MSCan you really focus on these instruments? I found it quite difficult because they’re in the context of the ensemble.
LLI use these kinetic string instruments (called ronda) and they’re types of harps which can be bowed. There’s also a rotating harp called Tres Sois made up of three discs of rows of strings that are plucked as they move around. The sound of these plucked and bowed instruments blends with the normal harp and blends with the stringed instruments. What they do is provide a chaotic element—you hear this rotation of pitches, this melange of circulating sounds in the work, and those are the Smetak instruments.

There are also these very rude, brass sounds, instruments called Piston Cretino that are these very crude, homemade trumpets. They are made from just a length of rubber tubing, as you might find in a garden centre, and a €2 funnel stuck to one end of the tube, and then a trumpet mouthpiece on the other end.

It’s the most basic kind of trumpet you can make. In the piece, the players playing them are actually moving around the hall, so in the live situation you get this spatial element where there is this kind of mock combat. It’s improvisational so the work has both fixed and then more open elements. But I think there’s a sense in which the unusual Smetak instruments inject a more chaotic energy into the overall work. They provide impulses which the other musicians playing the more standard instruments respond to.

It’s not so much like, okay, here’s one class of instrument and here’s another that are separated out. It’s really that the presence of these more unusual homemade instruments collide with the standard orchestral instruments to create this world that has this more chaotic dimension.
MSLet’s talk about the ideas of music beyond humans. We spoke about this in the context of Extinction Events, but the same idea appears in How Forests Think where you draw on the ecosystem of a forest. Why is this subject so interesting for you as a composer?
LLI think when one takes an ecological view, it immediately widens one’s references beyond the strictly human. I think that is, for me but also for many people, the number one challenge and question of our times as we are facing extraordinary and catastrophic kinds of environmental crises. As an artist it’s something that I absolutely want to respond to in different ways.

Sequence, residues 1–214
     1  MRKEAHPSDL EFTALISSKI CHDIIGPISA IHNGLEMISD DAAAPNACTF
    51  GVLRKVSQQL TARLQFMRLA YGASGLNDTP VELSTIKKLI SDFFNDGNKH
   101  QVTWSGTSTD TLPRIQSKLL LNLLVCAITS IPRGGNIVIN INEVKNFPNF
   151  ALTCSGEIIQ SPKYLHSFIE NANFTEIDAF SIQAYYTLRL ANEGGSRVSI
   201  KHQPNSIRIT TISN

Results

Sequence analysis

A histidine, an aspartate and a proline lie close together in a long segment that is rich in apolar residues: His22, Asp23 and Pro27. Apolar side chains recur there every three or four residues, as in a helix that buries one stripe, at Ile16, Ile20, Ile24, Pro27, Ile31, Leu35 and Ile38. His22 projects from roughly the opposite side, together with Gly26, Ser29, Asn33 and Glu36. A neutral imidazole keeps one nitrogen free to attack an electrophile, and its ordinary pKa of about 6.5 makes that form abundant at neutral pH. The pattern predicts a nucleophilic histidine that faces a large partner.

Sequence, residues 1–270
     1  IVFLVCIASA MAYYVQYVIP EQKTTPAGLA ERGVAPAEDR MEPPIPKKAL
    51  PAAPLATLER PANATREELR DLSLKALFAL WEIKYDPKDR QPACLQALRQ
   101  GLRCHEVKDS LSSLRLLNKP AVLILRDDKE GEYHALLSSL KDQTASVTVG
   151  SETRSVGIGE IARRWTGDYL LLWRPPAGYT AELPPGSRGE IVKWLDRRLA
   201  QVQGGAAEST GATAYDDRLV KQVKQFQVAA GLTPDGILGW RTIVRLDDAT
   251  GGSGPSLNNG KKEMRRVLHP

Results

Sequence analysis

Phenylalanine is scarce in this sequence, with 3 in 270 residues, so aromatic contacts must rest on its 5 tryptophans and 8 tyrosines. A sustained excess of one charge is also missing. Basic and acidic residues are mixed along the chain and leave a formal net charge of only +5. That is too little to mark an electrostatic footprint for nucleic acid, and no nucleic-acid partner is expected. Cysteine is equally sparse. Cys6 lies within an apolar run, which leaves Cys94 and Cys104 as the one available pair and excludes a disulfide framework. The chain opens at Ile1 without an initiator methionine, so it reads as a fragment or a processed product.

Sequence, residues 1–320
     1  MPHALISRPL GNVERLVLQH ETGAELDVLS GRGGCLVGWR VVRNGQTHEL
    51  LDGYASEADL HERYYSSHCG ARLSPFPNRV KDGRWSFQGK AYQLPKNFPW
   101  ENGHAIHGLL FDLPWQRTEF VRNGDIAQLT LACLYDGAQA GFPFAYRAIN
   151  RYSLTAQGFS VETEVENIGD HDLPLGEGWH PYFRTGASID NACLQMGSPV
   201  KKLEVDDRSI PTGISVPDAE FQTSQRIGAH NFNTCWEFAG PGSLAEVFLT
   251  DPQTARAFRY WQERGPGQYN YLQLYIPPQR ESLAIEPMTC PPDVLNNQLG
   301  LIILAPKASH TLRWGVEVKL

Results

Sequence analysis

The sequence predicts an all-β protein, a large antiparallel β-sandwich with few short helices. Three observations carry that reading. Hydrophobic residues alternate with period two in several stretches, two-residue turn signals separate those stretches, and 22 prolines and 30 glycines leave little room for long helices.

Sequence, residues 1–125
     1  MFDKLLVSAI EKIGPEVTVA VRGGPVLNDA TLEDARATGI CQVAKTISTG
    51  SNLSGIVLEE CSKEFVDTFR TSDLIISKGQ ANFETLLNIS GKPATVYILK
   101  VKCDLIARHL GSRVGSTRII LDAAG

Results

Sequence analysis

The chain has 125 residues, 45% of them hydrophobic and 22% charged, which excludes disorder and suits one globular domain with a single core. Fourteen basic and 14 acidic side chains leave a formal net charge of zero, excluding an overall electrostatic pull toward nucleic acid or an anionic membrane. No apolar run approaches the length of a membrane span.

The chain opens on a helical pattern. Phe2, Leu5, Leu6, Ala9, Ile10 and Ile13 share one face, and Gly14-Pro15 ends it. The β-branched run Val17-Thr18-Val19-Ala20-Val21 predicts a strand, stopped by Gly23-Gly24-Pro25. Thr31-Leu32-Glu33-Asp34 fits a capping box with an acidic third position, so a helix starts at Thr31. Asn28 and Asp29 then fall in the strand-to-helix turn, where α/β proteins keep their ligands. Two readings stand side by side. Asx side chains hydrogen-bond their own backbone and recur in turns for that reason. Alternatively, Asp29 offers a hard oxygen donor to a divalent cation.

MSBut how do you use this idea of an ecosystem of the forest, the idea of a thinking forest system, when you are composing? How does this enter your music or your work?
LLI drew upon the book How Forests Think, by the anthropologist Eduardo Kohn. It derives from his field work with the Runa people in the upper Amazon, so it’s very much situated in a particular culture. A better word might be ‘nature-culture’. It is about the way in which everything in that environment—there are human people, but there are also non-human selves; they could be trees, or animals—each has its own sentience, things have their own sort of subjectivity, which creates this series of dialogues and communications happening in different registers.

So there’s this incredible complexity, this sense of the absolute interconnection between everything that I find incredibly generative and inspiring, and to me it just makes sense. Where I grew up in Brunei, in my childhood—on the island of Borneo in South East Asia—there was absolutely this sense of the livingness of the environment. I grew up with people who had really strong animistic beliefs, and they did speak to trees, and animals, and rocks. It was all incredibly real, so to me it feels like a very natural way of thinking and responding to the world.
MSTell us a little bit about where you came from. Which countries did you grow up in? What did your parents do?
LLI grew up in basically two countries; in Australia, where I was born, and also Brunei, which is where my parents come from. I moved around a bit during my earlier childhood, so there’s a mix of Chinese, Malay, Indian, as well as Anglo-European cultures that all play a part in my education and upbringing, for sure. My parents come from medical backgrounds so they are professional people. My grandparents were more involved in music, so I think there’s a kind of inheritance there on the musical side.